Zombie Driver: Ultimate Edition / 19th of July 2014
It feels strange to be reviewing a game that, in essence, is almost five years old, but the original Zombie Driver from Poland’s Exor Studios was first delivered to PC owners via Steam way back in 2009, before it was later reissued to PS3, Xbox 360 and Ouya owners as Zombie Driver HD, which-being the penultimate step in this particular story-brings us to the version that has now, via the ID@Xbox program, made its way onto the Xbox One. Though the question still remains, is it any good?
Well, if one were to answer this based on its uninspired title, the answer would be an overwhelming no. Zombie Driver’s name is such a “heart on its sleeve” affair, that most gamers will immediately recognise what it is that the game is all about, though the sad part of this, is that it’s actually not that bad at all, despite its severe lack of depth.
In Zombie Driver, player are tasked with using vehicles to mow down hordes of zombies (which come in rather plentiful supply) and preventing other survivors from becoming lunch for the undead. The first mission certainly starts things off well enough, easing players into the game rather well and introducing the core skills that the player will need in order to survive. The problem, however, is that after this, the game doesn’t really get any deeper at any point across the expanse of its thirty-one levels, pretty much every one of which involves the same formula of slaughtering zombies and rescuing civilians. The action, however, is presented in such small, bite sized chunks, that it just manages to avoid becoming too stale or boring, and even manages to offer something in the way of replay value.
There is a story mode, of course, but the real core aim of the game, is point scoring. It’s just pure and simple, good old fashioned gameplay that drives this release along, the search for the high score, and it is this that will keep players coming back for more. On each of the levels throughout the campaign, there are secondary objectives that can be completed, doing so results in rewards such as additional funds, or sometimes, they can unlock extra upgrades to the range of eight or so vehicles housed in the game. Unlocking, and purchasing, said upgrades is vital, and the key to scoring big, allowing players to improve their vehicles in numerous ways, such as, damage resistance, speed and weaponry (there are several types of which to upgrade). Doing so, of course, will allow the player to tackle the zombie hordes with confidence, and despatch them quickly.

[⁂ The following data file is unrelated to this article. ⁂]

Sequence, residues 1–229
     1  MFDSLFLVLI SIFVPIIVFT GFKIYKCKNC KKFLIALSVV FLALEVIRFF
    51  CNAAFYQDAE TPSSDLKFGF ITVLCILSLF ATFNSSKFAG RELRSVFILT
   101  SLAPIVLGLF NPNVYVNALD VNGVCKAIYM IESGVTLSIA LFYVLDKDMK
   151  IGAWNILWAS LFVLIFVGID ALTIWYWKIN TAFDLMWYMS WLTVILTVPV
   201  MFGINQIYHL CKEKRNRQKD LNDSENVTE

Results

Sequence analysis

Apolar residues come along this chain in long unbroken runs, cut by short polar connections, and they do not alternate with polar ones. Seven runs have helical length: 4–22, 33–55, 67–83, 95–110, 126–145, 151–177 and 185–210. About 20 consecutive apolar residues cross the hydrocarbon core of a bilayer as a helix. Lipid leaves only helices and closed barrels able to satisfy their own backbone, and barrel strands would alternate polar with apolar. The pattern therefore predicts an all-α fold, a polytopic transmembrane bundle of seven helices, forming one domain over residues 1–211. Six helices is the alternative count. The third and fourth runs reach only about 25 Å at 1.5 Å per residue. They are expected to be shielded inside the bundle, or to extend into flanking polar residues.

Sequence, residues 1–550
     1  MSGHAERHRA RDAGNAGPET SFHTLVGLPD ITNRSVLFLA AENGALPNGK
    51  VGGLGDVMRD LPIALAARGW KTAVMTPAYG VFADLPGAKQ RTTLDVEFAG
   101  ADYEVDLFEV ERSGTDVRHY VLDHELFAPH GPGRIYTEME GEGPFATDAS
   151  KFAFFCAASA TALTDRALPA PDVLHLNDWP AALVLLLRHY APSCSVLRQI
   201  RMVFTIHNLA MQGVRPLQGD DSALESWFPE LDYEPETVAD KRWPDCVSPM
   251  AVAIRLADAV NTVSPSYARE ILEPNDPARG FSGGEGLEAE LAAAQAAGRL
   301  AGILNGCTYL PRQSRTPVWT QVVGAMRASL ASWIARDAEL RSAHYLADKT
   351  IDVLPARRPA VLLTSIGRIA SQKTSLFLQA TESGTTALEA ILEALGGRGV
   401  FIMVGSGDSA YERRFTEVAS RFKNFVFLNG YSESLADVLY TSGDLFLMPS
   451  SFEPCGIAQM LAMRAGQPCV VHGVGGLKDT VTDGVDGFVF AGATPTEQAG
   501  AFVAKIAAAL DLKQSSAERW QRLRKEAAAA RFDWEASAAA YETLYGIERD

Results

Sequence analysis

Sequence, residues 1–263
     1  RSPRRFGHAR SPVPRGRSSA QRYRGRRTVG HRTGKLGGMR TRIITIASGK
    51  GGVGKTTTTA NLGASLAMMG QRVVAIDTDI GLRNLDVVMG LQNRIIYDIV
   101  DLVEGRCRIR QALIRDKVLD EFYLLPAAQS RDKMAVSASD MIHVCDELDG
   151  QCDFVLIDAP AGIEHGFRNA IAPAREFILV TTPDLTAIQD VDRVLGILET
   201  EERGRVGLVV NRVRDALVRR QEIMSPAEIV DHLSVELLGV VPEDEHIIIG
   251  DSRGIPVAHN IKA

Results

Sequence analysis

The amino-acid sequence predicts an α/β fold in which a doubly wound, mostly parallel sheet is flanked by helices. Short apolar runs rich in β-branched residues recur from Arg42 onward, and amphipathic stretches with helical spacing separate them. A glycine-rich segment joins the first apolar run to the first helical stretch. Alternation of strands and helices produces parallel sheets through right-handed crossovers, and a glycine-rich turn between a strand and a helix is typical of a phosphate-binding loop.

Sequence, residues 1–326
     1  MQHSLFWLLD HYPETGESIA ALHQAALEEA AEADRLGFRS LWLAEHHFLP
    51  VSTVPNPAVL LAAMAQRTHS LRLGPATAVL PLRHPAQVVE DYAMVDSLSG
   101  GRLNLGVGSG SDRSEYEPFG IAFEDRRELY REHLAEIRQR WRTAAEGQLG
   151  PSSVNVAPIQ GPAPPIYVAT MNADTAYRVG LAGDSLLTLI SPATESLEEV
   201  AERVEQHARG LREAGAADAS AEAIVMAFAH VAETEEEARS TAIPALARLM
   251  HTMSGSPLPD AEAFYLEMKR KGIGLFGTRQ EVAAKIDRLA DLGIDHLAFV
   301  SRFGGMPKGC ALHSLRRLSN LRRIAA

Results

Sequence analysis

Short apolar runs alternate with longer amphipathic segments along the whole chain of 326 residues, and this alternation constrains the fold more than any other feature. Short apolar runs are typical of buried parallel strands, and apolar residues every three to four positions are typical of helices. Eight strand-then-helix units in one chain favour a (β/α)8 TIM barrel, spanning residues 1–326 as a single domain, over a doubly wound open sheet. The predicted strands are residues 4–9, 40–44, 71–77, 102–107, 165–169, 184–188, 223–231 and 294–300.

Visually, Zombie Driver Ultimate Edition is actually quite impressive in places, whilst on the whole the graphics are merely functional, the vast array of weather effects, particularly the fog, actually appear to be of notable quality. However, the real highlight is the lighting, which is demonstrated superbly by the night time levels, where eerie shadows appear to stretch out ahead of the car, merging with the night as the glow of the headlights manages to beat back the pervading darkness. For here, on these few occasions, Zombie Driver is in actuality, a rather beautiful looking video game, and praise must go to Exor for their fine work here.
The main detractor from Zombie Driver, besides the easily ignorable name and shallow gameplay, is its quite shoddy presentation, menus appear cluttered and difficult to read, whilst its laughably bad voice acting, which might actually find itself on a rung below the voice work in Synetic’s Crash Time series (Autobahn Pursuit in Germany), is almost indescribably bad. Of course, deficiencies such as these can lend a video game charm, and to a certain extent, that can also be said of Zombie Driver. It is a game so entrenched in the past that it makes no qualms about it, alluding to nothing more than what it is, a thoroughly simple and yet surprisingly fun action title.
Aside from running over enemies, vehicles can be fitted with machine guns, rockets, flamethrowers and even rail guns, which, when combined with nitro boosts help players in maintaining their combo meter so that they can reach those new, high scores. These are essential on some levels for completing secondary objectives, but even more so on the bonus game mode, Slaughter, which is essentially a survival mode. In this, players must pass through a set number of waves of enemies, unlocking an improved weapon for each one that they pass. Additionally, there’s also the Blood Race mode, which is essentially a Micro Machines styled top-down racer-with zombies-but unfortunately this falls short of being the selling point that it should have been for one simple oversight, there’s no multiplayer. As it is though, Blood Race is good, but it could have been great.
This new Ultimate Edition features full 1080p, 60fps visuals with a vastly increased number of zombies on screen at once, meaning that there really doesn’t seem to be an end to their number, but whilst this obviously doesn’t impress as much as Capcom Vancouver’s Dead Rising 3, there’s still a lot going on. There are also wholly new, and upgraded environmental effects and animations, making this the best looking iteration of the game to date, though one would certainly expect so given the power of the hardware running it.
Ultimately, Zombie Driver Ultimate Edition is a more than worthy addition to the ID@Xbox program, and whilst it may not prove to be an essential purchase, it is certainly worth every penny of its low end price point. For, whilst the main cusp of the game may not deviate too much from the formula established on its very first level, there’s still plenty of gaming to be found here, if, that is, you can look past the monotonous mission design and sloppy presentation that blights it.